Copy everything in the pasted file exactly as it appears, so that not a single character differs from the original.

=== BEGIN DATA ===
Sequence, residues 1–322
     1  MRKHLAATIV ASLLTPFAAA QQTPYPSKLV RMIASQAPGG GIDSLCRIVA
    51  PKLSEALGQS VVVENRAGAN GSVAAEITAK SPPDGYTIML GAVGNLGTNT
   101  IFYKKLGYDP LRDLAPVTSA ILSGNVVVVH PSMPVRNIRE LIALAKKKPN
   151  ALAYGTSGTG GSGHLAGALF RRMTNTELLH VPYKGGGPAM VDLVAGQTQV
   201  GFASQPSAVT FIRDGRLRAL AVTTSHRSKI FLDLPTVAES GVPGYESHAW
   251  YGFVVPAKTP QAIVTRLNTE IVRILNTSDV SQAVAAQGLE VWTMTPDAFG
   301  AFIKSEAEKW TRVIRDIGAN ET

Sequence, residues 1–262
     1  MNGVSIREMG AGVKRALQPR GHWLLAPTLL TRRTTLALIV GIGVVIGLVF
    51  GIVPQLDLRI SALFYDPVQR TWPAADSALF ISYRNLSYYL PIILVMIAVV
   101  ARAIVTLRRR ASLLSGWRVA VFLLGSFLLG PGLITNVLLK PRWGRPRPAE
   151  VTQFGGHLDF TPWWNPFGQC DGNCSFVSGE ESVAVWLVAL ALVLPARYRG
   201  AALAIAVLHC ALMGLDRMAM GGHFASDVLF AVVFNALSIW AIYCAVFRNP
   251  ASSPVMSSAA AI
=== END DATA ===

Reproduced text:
Sequence, residues 1–322
     1  MRKHLAATIV ASLLTPFAAA QQTPYPSKLV RMIASQAPGG GIDSLCRIVA
    51  PKLSEALGQS VVVENRAGAN GSVAAEITAK SPPDGYTIML GAVGNLGTNT
   101  IFYKKLGYDP LRDLAPVTSA ILSGNVVVVH PSMPVRNIRE LIALAKKKPN
   151  ALAYGTSGTG GSGHLAGALF RRMTNTELLH VPYKGGGPAM VDLVAGQTQV
   201  GFASQPSAVT FIRDGRLRAL AVTTSHRSKI FLDLPTVAES GVPGYESHAW
   251  YGFVVPAKTP QAIVTRLNTE IVRILNTSDV SQAVAAQGLE VWTMTPDAFG
   301  AFIKSEAEKW TRVIRDIGAN ET

Sequence, residues 1–262
     1  MNGVSIREMG AGVKRALQPR GHWLLAPTLL TRRTTLALIV GIGVVIGLVF
    51  GIVPQLDLRI SALFYDPVQR TWPAADSALF ISYRNLSYYL PIILVMIAVV
   101  ARAIVTLRRR ASLLSGWRVA VFLLGSFLLG PGLITNVLLK PRWGRPRPAE
   151  VTQFGGHLDF TPWWNPFGQC DGNCSFVSGE ESVAVWLVAL ALVLPARYRG
   201  AALAIAVLHC ALMGLDRMAM GGHFASDVLF AVVFNALSIW AIYCAVFRNP
   251  ASSPVMSSAA AI